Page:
Bad Debt VAT relief and VAT compliance
Table of Contents
Bad debt relief enables suppliers who have accounted for VAT on a supply to recover that VAT in cases where they do not receive payment from their customer. A bad debt relief scheme is needed because in many cases the time of supply, or tax point, is not determined by reference to the date of payment by the customer and, as a result, suppliers frequently have to declare VAT on their VAT returns before they have been paid.
The current, or ‘new’ bad debt relief scheme
The operation of the current bad debt relief scheme is set out in full in HMRC Notice 700/18. In summary, suppliers who have not received payment from their customers can make a claim for bad debt relief provided that six conditions are fulfilled:
What six conditions have to be fulfilled to claim bad debt relief?
(1) the sales invoice is overdue for ‘payment’ by at least six months from the later of:
(a) the due date for payment for the supply; and
(b) the tax point.
(2) the claim is made within four years and six months from the later of the above two dates.
(3) the claimant has accounted for and paid the VAT on the supply, via a VAT return or an assessment.
(4) the claimant has ‘written off’ in the ‘refunds for bad debt account’ all or part of the consideration for the supply.
(5) the value of the supply was not more than the customary selling price (this anti-avoidance measure aims to stop claims for overvalued supplies).
(6) the debt has not been paid, sold or factored under a valid legal assignment.
Businesses must take heed of these deadlines and conditions as failure to meet the requirements of the scheme will result in their claim being refused.
Failure to fulfil the requirement that a debt must be ‘written off’ in a ‘refunds for bad debt’ account will also cause a claim for bad debt relief to be refused. It is not necessary for debts to be written off for commercial accounting purposes and businesses can still seek to collect their bad debts.
All that is necessary is that the basic details of the debt are listed in a ‘VAT: refund for bad debts’ account which is separate from the main accounting system. The specific information which must be kept is listed in Notice 700/18 and The VAT Regulations 1995 SI 1995/2518 reg. 168.
Calculating and claiming bad debt relief under the new scheme
If a business has a bad debt which meets the six criteria listed above, the VAT element of the outstanding amount can be recovered from HMRC. The amount claimed is added to the total in Box 4 of the VAT return (i.e. the input tax box) rather than by decreasing the amount of output tax payable in Box 1 and there is no need to adjust the total sales and purchases value in Boxes 6 or 7.
In most cases calculating the outstanding amount is straightforward. The claim is the VAT amount on any debt more than six months old (see condition 1 above). However, claimants must remember that ‘payment’ includes anything receive from anybody in respect of that debt, whether direct from the debtor or paid by a third party or guarantor. Payments can include, for example, non-monetary payments or a mutual debt, so a supplier should offset any amount owed by them to the customer against debts owed by the customer.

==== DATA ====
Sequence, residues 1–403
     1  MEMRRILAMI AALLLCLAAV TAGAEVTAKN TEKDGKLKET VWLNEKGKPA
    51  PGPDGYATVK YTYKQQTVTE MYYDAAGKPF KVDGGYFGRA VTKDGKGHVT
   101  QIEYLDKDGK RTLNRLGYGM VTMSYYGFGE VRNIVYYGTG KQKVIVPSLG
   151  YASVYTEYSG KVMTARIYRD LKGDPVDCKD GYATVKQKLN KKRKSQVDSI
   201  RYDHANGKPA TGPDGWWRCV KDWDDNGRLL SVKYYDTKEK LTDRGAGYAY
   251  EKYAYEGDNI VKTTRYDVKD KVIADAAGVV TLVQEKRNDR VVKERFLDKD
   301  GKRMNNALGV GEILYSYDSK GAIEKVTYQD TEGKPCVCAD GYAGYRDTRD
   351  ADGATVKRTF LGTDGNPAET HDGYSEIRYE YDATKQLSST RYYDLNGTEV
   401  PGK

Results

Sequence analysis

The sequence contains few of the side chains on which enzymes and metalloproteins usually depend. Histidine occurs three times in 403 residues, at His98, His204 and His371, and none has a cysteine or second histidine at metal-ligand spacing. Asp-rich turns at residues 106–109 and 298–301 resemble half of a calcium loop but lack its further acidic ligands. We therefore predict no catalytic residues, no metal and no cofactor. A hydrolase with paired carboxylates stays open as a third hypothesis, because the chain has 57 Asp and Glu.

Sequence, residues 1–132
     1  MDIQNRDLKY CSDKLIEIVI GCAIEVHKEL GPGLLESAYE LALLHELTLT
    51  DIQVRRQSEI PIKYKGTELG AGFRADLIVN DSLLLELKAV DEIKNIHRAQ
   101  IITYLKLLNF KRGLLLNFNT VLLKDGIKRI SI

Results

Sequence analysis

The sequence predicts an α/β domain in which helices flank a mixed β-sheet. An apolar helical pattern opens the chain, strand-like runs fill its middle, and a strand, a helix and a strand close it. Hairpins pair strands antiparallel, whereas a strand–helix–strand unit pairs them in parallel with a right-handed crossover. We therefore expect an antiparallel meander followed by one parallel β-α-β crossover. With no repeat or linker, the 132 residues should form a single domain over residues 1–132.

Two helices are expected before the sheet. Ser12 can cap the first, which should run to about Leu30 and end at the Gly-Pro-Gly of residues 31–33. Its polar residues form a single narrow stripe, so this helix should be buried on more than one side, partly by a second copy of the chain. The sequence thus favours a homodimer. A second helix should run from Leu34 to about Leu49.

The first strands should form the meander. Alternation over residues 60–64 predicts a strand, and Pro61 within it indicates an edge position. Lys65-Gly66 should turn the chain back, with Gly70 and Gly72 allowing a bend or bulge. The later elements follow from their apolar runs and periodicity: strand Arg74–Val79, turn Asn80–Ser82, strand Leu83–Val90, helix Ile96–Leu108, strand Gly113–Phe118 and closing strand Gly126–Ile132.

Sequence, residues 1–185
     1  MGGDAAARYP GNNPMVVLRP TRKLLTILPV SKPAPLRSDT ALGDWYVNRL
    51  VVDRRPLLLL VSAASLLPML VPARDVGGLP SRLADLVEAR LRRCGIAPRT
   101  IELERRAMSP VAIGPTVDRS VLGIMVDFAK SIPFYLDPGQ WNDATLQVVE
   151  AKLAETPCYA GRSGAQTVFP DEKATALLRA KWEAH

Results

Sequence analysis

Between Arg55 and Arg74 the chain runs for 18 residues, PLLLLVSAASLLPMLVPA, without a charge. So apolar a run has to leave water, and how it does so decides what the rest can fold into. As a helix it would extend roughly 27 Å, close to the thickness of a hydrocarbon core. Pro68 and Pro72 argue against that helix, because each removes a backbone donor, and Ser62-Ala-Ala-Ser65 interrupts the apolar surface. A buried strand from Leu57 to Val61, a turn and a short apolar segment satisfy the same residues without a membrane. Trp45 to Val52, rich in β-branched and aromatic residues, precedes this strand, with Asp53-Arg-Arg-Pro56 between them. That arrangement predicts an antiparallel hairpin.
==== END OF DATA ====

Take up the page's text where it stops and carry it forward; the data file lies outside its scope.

Care is needed when accepting non-monetary payments for a supply. For bad debt relief purposes the value of the non-monetary payment is the amount of the debt for which it is accepted, regardless of its value in other contexts.
It can also be difficult to calculate a bad debt relief claim when many invoices are outstanding, and the customer has only made part payment. The basic rule is that payments received from a customer are allocated to the earliest invoice first. However, if the customer (not the supplier) specifically allocates a payment to an invoice the FIFO (‘first in first out’) rule does not apply.
The old bad debt relief scheme
The current or ‘new’ bad debt relief scheme was introduced from 1 April 1989. However, there was an extended transitional period from the old scheme which applied before this date. The old scheme finally ceased to apply on 19 March 1997 when the Finance Act 1997 was passed. The old scheme was more complicated than the new scheme. Under the new scheme bad debt relief can be claimed as soon as a debt is more than six months old, whereas under the old scheme additional conditions applied. Notably, suppliers were required to tell customers when they made a claim.
- In the period 1 April 1989 – 19 March 1997 the old bad debt relief scheme included the so-called ‘property condition’ and this was ultra vires EU law. Under the ‘property condition’, bad debt relief was not available in respect of supplies of goods unless title to the goods had passed to the debtor.
The ‘new’ bad debt relief scheme has been in force for over 30 years and many people working in tax will never have come across its predecessor, the ‘old’ scheme. The new scheme does have its complexities. However, it is essentially straightforward and easy to apply provided the conditions set out in HMRC Notice 700/18 are met.
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